Qalandya checkpoint

Needless to say, checkpoints will be a major focus for us. Remember that in Tulkarem, checkpoints were stone blocks on dusty roads with a couple of soldiers behind them, and may be a watchtower, an earthmover, or a couple of jeeps. You could talk to the soldiers, and well, it was inhumane, yet it had a human dimension. Round Jerusalem and Bethlehem these checkpoints have morphed into airport terminal-like structures with sophisticated security equipment, x-ray machines, electronic everything. The soldiers sit in reinforced iron cages, and shout through loudspeakers.

With the building of the Separation Barrier, 70,000 Palestinians with Jerusalem IDs found themselves on the wrong side of the Wall facing the problem of how to get to their work, school, hospital, holy places and extended families. As gaps in the Wall closed, they were gradually funnelled through a few ‘terminal’ checkpoints, now hugely overcrowded.

Qalandya checkpoint between Ramallah and Jerusalem opens at 4.45am (luckily the first call to prayer from a mosque very adjacent to my ear wakes me at 4.30). Workers queue early to be sure of getting to work, since the time it can take to pass is unpredictable. EAPPI has started liaising with the UN and we now count numbers for their statistics. Over 2,000 people (mostly men) pass Qalandya between 5 and 7am, and another 500 before 8. They go first through three main lanes into a turnstile, then into a holding pen before waiting in another line for baggage x-ray and permit checking. At times it is orderly but as soon as a soldier stops a lane or people push in, there is panic. While it may be true that Palestinians don’t have the queueing gene we Brits have, it’s the uncertainty that creates the most chaos, and leads to further panic. There is also a Humanitarian Gate for women, children and older men, so they can avoid the first turnstile crush which sometimes looks life threatening. (The Hillsborough disaster has flashed through my mind on several occasions) The age limit for this gate used to be over 50 for men but the day we arrived, it rose to over 60 without any warning. The waiting over-50s were turned away and sent to the back to the main lanes. It is hard to watch.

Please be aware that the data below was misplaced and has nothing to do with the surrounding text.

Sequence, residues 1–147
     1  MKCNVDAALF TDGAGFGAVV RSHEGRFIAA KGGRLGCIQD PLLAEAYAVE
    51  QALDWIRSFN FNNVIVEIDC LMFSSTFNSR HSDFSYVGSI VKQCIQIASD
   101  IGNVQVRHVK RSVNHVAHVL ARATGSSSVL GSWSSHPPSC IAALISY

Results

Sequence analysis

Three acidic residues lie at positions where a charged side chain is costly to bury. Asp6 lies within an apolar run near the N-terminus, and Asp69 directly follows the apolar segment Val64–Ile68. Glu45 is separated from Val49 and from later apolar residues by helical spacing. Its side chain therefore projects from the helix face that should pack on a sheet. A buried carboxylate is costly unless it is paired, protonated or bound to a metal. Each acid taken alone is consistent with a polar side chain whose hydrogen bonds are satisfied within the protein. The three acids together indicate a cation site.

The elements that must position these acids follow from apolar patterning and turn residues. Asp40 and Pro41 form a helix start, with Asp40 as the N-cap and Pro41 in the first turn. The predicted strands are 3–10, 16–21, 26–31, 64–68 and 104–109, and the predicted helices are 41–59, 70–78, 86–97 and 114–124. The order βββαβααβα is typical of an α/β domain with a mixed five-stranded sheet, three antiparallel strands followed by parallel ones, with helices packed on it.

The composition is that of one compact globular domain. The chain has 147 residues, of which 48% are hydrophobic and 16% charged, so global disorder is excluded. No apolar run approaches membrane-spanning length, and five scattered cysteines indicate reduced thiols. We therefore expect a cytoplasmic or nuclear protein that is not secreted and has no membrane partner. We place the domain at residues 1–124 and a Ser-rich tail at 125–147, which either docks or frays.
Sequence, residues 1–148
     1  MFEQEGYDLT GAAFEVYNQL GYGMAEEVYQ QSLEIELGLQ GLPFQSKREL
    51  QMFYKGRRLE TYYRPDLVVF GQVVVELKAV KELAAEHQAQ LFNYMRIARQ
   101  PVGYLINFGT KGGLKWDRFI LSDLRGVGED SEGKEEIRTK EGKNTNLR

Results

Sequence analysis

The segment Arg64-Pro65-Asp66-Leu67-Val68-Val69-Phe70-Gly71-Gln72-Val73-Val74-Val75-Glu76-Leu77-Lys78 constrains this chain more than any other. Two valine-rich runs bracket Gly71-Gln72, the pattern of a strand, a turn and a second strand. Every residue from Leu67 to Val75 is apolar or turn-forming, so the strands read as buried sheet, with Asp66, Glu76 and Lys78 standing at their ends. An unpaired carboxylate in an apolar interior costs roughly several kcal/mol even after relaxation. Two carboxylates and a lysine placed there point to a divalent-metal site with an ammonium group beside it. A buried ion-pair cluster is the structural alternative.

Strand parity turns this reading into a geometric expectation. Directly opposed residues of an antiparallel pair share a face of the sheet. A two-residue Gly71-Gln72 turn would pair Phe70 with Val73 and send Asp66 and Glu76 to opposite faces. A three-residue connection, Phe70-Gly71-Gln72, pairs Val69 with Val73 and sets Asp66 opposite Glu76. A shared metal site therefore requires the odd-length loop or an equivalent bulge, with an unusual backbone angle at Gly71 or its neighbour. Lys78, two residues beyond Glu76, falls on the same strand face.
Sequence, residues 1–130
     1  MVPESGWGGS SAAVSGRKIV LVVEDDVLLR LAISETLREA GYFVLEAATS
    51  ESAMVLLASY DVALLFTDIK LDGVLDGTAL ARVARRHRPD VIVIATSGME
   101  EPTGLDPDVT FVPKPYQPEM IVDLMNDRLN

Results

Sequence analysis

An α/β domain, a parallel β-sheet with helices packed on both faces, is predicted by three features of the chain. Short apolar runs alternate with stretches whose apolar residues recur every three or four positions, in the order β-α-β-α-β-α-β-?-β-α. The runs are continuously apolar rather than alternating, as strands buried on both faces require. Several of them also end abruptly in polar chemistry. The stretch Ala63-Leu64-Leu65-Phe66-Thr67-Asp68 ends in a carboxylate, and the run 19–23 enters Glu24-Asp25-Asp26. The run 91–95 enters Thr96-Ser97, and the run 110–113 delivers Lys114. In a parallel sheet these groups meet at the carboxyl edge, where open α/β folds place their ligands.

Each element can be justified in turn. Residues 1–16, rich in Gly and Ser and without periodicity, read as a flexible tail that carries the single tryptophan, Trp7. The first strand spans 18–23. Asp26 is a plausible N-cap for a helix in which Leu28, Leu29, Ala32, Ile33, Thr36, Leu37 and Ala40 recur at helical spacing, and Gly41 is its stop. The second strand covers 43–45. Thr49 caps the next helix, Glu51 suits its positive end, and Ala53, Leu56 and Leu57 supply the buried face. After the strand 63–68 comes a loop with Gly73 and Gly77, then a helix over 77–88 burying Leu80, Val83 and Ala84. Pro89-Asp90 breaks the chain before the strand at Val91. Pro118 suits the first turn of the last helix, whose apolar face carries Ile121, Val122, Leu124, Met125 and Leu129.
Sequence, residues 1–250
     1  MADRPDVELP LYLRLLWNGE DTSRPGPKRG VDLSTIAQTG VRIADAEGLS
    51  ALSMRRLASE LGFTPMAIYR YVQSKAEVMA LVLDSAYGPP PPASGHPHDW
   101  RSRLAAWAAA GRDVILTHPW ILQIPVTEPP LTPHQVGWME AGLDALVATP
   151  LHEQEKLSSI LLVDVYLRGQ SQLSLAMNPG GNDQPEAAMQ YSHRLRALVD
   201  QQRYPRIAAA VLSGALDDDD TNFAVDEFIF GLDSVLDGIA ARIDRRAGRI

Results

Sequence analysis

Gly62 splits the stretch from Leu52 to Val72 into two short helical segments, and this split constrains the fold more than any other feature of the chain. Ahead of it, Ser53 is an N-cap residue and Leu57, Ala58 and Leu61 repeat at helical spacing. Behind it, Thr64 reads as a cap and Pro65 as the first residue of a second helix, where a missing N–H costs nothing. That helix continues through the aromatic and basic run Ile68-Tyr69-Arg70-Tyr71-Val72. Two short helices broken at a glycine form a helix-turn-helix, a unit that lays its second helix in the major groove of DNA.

Pages: 1 2 3 4 5 6 7 8 9